THE QUESTION OF “WHY?” IS A WHOLE LOT MORE IMPORTANT THAN “WHAT HAPPENED?”

THE QUESTION OF “WHY?” IS A WHOLE LOT MORE IMPORTANT THAN “WHAT HAPPENED?”

I have written in this blog on many occasions about  the scientific research that the motive and reasons behind the conduct which caused the injury to your client is far more important than the facts about the negligent conduct. Proving the negligence is not the same thing as going behind the conduct and proving why the conduct took place. The doctor in a hurry is not the same case as the doctor failed to meet the standard of care in doing surgery. The question of why something happened is far more significant than the proof of the negligent actions itself.

Proof of wrong motives and evil intent are what really drive the verdict in a plaintiffs injury case. This is particularly true in malpractice cases. This subject has been discussed in one of my favorite sources of information The Jury Expert. www.thejuryexpert.com. The last publication featured an article “if it feels bad to me, it’s wrong for you: the role of emotions in evaluating harmful acts”  http://www.thejuryexpert.com/2014/08/if-it-feels-bad-to-me-its-wrong-for-you-the-role-of-emotions-in-evaluating-harmful-acts/ Their research and conclusions concur with the concept I advocate. In general, the article points out, there is a remarkable body of evidence which indicates that our minds are divided between reason and emotion, which together shape the way we think and behave. On a rational basis, all else being equal, we tend to favor whatever course of action leads to the greatest amount of benefit in the long run. When emotions are guiding our thinking, we are more likely to utilize a value or moral standard in our thinking and decisions. The two must both be in balance together for decision making.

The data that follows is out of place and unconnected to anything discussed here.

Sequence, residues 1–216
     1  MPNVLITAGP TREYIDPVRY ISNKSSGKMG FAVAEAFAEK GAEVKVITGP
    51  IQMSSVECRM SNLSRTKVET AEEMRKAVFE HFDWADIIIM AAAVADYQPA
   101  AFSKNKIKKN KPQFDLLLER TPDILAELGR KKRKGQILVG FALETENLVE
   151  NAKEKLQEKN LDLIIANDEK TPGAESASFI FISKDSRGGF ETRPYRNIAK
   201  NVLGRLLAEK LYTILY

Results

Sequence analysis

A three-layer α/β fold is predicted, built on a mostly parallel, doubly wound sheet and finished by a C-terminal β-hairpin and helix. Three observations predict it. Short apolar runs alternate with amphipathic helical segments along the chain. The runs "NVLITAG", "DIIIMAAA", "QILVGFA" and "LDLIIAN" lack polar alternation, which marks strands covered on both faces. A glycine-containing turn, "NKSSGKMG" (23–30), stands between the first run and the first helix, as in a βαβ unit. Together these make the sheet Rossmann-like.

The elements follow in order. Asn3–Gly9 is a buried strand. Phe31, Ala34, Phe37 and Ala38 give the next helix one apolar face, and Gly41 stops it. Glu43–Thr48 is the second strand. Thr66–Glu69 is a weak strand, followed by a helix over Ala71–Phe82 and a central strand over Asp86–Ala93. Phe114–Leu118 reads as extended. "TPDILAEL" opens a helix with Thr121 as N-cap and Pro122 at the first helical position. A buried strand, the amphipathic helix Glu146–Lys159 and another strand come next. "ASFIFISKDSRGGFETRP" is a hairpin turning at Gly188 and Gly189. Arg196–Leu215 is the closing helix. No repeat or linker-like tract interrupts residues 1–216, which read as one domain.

Studies indicate that when we are judging other people’s conduct we tend to imagine what it would feel like to perform the behavior ourselves. Our reviewing  the conduct as if we were involved produces a reaction.  In some cases, this creates a feeling of aversion which dictates a judgment that the behavior was wrong: “if it feels bad to me to do it, it’s wrong for you to do it.” This then becomes the measuring stick in our minds for evaluating the conduct  of other  people.

This raises questions regarding how attorneys attempt to influence jurors decisions. The normal inclination is to focus attention on the victims injuries and damages. Lawyers have traditionally focused attention upon the innocent victim  or the injured plaintiff in an effort to create empathy. However research indicates that this is not the strongest motivator. The dominant factor in motivating the average juror is focus upon the defendants actions themselves and whether the jurors would feel justified in performing those actions themselves.